Make Your Characters Suffer

Make your characters suffer. You’ve probably heard this before. It’s nothing new. However, writers don’t always know what it means—what it really means.

There are two things you need to understand in order to properly implement this rule.
1) Making a character suffer is NOT about other characters treating him/her badly.
2) Making a character suffer IS about making him/her fail when trying to achieve his/her goal.

In other words, making a character suffer is about conflict that comes up to prevent him/her from succeeding. Yes, that sometimes means another character will treat him/her badly, but there needs to be more to it than just that. If Joe puts Nancy down and teases her every day, he would technically be making her suffer. The way this would work toward following the rule would be for this behavior to get her down. Really down. She might even contemplate suicide because she doesn’t see a way out of this situation, and she can’t take it anymore. That would be a part of her black moment. However, it wouldn’t stop there. Something would happen to give her the courage to stand up to the bully and/or take charge of the situation. She would show character growth because she used the experience to better herself.

Basically, if the method you’re using to make your character suffer doesn’t move the plot along or allow for character growth, it’s the wrong kind of suffering and could appear contrived.

Another way writers sometimes make their characters suffer is by having one thing after another happen to him/her. Watch out for this. It too could feel contrived. Adding conflict isn’t just about blocking the character from achieving his/her goal. It’s also about pushing the character’s growth and should come from choices he/she makes. For example, Morgan and Anne go out after midnight to slay a vampire, but this leaves Kelly home alone. The vampire takes advantage and kidnaps Kelly and holds her hostage until Morgan and Anne give him the secret key. Their choice of going out at that time and leaving Kelly vulnerable led to this situation. And now, Morgan and Anne have to come up with a plan to save Kelly. This moves the plot forward because the characters are making choices and winning or losing battles (situations) because of the decisions they made.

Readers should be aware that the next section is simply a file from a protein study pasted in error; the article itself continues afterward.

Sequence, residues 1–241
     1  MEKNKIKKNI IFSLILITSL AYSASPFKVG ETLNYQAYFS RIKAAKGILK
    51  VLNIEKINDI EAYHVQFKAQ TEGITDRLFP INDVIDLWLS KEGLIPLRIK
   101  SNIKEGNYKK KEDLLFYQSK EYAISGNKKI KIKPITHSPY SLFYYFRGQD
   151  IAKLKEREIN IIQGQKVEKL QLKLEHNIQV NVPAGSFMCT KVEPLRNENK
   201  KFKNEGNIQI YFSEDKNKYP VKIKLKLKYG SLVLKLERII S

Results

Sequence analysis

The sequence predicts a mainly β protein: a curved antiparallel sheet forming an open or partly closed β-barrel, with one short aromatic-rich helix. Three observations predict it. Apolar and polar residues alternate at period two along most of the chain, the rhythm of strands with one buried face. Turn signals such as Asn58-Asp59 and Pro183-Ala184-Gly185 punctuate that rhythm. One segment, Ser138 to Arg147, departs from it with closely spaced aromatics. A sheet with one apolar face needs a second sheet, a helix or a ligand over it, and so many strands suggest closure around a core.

A story that keeps throwing things at the characters, forcing them to react but not act (or plan their next move) will lead to a series of episodes aka episodic writing. This happened and then this happened and then this happened. Let’s use Morgan, Anne, and Kelly’s example. Instead of Morgan and Anne deciding to go out and catch the vampire, the three would be at Kelly’s and the vampire would strike. He would still take Kelly, but rather than Morgan and Anne coming up with a plan to rescue her, they’d wait to see what happens next. Maybe another vampire would come and they’d fight him off. And then the leader of the vampires would show up, and they’d have to fight him too. In the first example, they could still encounter those other vampires, but that would happen on their journey to save Kelly. Do you see the difference? It’s the same conflict—vampires attacking them—but because in the first example it would happen as they’re trying to achieve a goal, it moves the story forward. In the second example, the characters aren’t making choices and therefore won’t be able to grow. Characters grow by making mistakes and learning from them, and by succeeding and learning from that. They don’t grow if they sit around and wait for things to happen to them and then react.
When you implement this rule, remember to ensure the suffering your character experiences will move the story forward and allow character growth.

How have you made your characters suffer?

SALE: Save up to $100 off a developmental/line editing combo or a manuscript evaluation report. October 2016 slot only. Contact me for details. Book now.

Lynnette Labelle
2016 Daphne du Maurier 2nd Place Winner
2015 Daphne du Maurier Finalist
2015 Molly Winner

Leave a Comment